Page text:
Amoeblog

New "What's In My Bag?" Episode With The Dismemberment Plan

Posted by Amoebite, September 17, 2014 12:45pm | Post a Comment

The Dismemberment Plan

Taking their name from a phrase in the Bill Murray film Groundhog Day, The Dismemberment Plan are one of indie rock's defining bands. The band hails from Washington D.C., a city rich in music history, including birthing punk bands like Bad Brains, Minor Threat, Fugazi, soul legends like Marvin Gaye and Roberta Flackand one of the most prominent jazz musicians to ever tickle the ivory, Duke Ellington. Needless to say, D-Plan have been influenced by an array of great artists and it definitely shows up in their songs. On stage they employ high energy performances with a little punk angst to get mosh pits swirling. The D-Plan also give way to synth-pop nuances that show their dance music influences. Who can blame them? Washington D.C. is where Go-Go music came from! A little bit of funk, a little bit of punk anda dash of soul lives in the DNA of The Dismemberment Plan.

After a decade of recording and touring, The Dismemberment Plan broke up in 2003, but reunited for a few charity shows in 2007. Theyreturned in 2013 to release a new album, Uncanney Valley (Partisan Records). The new record is packed with 10 cuts that give fans some of what they already love about The D-Plan and showcase the growth that has occured in the span of over a decade. 

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New York State Of Mind Amoeblog #97 of 100

Posted by Billyjam, September 17, 2014 06:47am | Post a Comment

Among the numerous music related events ongoing in New York City this week is the photo exhibit Grooving Years: The Photography of Josh Cheuse that opens Friday (Sep 19th) at the Morrison Hotel Gallery in SoHo. The mostly black and white photography exhibit by the New York City born and raised music photographer includes shots of The Clash (including the photo of the late great Joe Strummer above), Run DMC, Madonna, Lady Gaga, The Beastie Boys, Oasis, and The Black Crowes.  An avid photographer since age sixteen Cheuse, who has worked as art director at SONY Music for the past two decades, formed a lasting relationship with the Clash from early on in his career - a relationship that began back in 1981 as a teen when he famously used the payphone at his NYC high school to call The Clash at Electric Ladyland Studios in Manhattan and asked permission to photograph the band. To his surprise they happily complied with his wish. This introduction was instrumental in kick starting his career that included photographing the Clash, the band's Mick Jones' spinoff band Big Audio Dynamite, as well as  Joe Strummer solo on several occasions. And following Strummer’s sudden 2002 death Cheuse also directed a video tribute for the Strummer's version of Bob Marley's “Redemption Song.” Photo exhibit takes place at the Morrison Hotel Gallery located on the second floor at 106 Prince Street. All ages. Free admission. More info. And tomorrow (September 18th) in advance of the opening the photographer will be at the nearby SoHo Apple store (103 Prince Street) from 7pm to 8pm discussing his photo exhibit - free all ages event.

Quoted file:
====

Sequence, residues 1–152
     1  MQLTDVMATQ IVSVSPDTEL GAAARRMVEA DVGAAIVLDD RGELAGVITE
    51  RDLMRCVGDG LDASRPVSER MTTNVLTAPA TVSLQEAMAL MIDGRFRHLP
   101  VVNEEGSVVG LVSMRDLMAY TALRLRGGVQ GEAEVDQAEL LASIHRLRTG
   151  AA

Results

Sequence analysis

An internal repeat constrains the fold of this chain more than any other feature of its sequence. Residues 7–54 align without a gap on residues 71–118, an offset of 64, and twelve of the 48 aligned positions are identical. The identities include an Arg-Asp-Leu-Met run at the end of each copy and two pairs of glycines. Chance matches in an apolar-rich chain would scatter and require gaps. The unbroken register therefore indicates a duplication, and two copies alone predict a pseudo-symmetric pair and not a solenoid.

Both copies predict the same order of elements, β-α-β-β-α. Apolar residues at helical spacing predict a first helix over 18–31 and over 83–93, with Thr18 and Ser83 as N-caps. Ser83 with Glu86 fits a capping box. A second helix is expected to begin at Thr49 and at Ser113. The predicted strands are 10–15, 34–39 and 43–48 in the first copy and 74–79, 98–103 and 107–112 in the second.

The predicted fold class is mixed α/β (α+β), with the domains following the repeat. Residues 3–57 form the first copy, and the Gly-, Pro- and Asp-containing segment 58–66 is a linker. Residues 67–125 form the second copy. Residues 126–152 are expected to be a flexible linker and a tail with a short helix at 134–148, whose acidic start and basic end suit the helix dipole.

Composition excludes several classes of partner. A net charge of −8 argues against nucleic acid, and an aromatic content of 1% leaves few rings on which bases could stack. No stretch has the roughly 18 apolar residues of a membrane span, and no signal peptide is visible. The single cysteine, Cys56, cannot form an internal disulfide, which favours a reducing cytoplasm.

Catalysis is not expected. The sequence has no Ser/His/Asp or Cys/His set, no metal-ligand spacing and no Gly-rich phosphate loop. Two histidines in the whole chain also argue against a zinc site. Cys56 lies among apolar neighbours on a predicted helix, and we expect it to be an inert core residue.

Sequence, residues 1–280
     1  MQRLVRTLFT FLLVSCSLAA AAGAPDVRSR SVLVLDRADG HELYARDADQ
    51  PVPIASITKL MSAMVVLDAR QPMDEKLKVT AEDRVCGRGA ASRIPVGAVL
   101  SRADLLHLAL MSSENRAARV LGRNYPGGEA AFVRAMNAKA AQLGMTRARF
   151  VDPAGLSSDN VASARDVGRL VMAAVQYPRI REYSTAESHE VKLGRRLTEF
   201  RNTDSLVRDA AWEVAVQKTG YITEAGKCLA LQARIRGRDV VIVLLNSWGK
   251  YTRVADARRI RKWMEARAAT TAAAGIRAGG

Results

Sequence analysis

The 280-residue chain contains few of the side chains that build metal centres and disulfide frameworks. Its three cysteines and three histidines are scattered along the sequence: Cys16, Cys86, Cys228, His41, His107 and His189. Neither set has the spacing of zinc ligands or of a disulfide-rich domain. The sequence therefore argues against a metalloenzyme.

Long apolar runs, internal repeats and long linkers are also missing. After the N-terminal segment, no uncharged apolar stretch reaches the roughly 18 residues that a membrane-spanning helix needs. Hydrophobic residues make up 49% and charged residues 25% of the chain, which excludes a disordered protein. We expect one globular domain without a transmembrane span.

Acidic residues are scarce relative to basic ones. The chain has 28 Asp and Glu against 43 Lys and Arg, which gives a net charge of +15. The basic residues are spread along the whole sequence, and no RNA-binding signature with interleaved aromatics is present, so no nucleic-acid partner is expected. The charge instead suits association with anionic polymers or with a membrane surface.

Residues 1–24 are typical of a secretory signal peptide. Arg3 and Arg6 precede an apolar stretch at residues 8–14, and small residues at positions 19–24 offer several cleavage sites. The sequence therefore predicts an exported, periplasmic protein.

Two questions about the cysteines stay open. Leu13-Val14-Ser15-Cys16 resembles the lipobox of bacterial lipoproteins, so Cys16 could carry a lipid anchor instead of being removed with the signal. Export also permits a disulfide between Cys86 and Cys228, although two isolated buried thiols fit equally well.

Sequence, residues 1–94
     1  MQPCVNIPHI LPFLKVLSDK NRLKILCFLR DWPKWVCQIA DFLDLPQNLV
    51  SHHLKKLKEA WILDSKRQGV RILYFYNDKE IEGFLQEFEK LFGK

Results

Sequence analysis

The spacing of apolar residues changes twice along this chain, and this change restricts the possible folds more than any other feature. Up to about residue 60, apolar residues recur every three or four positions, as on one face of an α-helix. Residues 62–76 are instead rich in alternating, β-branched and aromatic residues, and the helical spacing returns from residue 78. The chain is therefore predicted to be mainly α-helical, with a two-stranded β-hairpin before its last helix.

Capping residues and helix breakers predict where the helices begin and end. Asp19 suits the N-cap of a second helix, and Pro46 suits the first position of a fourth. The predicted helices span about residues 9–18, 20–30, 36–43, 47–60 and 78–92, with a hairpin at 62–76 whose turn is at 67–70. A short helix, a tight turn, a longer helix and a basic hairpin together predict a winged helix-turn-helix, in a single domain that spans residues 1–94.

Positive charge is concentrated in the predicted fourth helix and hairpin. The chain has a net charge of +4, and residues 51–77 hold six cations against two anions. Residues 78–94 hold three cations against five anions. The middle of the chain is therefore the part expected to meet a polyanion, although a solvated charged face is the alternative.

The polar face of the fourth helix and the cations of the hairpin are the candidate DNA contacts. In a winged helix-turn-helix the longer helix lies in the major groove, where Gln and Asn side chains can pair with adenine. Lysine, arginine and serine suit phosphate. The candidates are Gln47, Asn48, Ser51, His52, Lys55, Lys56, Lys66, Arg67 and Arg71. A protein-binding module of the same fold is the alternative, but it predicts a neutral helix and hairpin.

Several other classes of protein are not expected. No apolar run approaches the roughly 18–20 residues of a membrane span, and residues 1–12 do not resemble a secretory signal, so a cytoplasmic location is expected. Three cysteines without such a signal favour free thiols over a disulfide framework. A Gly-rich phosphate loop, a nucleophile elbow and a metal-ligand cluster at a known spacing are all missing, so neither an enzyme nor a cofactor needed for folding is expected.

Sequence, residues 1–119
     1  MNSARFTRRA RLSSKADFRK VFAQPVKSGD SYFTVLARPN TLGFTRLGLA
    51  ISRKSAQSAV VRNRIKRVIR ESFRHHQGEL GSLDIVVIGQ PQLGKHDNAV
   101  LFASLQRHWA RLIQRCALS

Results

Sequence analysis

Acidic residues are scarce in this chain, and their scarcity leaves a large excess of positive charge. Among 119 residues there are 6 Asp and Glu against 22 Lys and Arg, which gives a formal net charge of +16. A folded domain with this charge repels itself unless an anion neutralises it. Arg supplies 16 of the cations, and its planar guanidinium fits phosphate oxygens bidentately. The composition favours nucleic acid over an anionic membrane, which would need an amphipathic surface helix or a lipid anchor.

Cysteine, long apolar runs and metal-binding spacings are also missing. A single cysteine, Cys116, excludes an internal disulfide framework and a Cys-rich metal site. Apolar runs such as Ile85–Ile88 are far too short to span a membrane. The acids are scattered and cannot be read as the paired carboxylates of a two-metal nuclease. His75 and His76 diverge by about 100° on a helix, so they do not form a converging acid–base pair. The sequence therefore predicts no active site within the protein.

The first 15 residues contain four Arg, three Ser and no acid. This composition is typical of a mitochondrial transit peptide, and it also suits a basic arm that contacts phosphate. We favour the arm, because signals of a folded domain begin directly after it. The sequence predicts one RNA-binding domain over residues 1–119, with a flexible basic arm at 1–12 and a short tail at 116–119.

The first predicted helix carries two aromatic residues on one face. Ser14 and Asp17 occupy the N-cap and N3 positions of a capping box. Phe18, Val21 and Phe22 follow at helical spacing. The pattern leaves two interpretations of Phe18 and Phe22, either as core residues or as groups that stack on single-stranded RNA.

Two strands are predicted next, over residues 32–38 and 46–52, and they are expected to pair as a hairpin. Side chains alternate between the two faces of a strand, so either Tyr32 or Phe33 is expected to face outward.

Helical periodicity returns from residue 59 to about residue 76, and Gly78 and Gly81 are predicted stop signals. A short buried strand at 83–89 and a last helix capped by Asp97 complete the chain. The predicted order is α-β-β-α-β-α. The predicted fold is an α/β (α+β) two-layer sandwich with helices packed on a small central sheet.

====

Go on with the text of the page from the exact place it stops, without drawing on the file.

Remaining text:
As if to make the point that, like vinyl records, books are still very much alive and well the annual Brooklyn Book Festival takes place this weekend at Brooklyn Borough Hall and Plaza for what will be its biggest ever event in its nine year history. Taking place on Sunday September 21st from 10am to 6pm the outdoor (rain or shine) festival will boast over one hundred panel discussions, readings, and other literary activities with authors to appear including Salman Rushdie, Lev Grossman, and Naomi Klein. In addition to novelists and non-fiction writers the festival will also include numerous poets, and also many graphic novelists including Paul Pope, Roz Chast and Julia Wertz. A free event, thanks to sponsorship by a phone company, the stated goal of the annual event is "spreading literacy and the joy of reading across the five boroughs and beyond." Just across from lower Manhattan the Brooklyn Borough Hall and Plaza (reachable by numerous trains) is located at 209 Joralemon Street, Brooklyn NY 11201. Sept 21 10am to 6pm. All ages. Free event. More info.

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The 50 Best Scottish Bands of All Time

Posted by Eric Brightwell, September 16, 2014 03:12pm | Post a Comment
Scottish Flag